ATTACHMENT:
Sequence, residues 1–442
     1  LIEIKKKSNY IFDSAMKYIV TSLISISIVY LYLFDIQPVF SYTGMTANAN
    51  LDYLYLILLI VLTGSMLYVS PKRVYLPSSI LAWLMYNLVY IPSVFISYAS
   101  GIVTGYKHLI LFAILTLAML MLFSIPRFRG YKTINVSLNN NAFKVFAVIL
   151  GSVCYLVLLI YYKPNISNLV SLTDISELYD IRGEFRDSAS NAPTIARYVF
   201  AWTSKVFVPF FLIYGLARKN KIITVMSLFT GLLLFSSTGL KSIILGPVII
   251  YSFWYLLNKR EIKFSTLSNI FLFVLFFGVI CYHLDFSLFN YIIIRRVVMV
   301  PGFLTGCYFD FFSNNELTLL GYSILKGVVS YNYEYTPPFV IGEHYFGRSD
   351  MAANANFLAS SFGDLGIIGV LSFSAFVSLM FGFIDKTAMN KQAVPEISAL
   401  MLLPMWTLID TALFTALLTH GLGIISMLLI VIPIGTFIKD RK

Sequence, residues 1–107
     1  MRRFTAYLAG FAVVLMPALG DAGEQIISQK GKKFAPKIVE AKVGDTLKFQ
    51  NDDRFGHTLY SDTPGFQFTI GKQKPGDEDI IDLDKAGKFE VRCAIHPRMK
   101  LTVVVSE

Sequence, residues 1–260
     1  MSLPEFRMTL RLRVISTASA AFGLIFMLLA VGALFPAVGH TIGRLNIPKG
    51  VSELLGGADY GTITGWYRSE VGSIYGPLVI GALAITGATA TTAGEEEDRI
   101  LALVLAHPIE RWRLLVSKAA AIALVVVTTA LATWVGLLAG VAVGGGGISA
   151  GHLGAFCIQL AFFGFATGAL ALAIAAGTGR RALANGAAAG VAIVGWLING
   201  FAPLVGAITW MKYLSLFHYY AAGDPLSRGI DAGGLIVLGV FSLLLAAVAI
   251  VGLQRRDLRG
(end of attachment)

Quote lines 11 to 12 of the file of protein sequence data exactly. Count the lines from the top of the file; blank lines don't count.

Sequence, residues 1–107
     1  MRRFTAYLAG FAVVLMPALG DAGEQIISQK GKKFAPKIVE AKVGDTLKFQ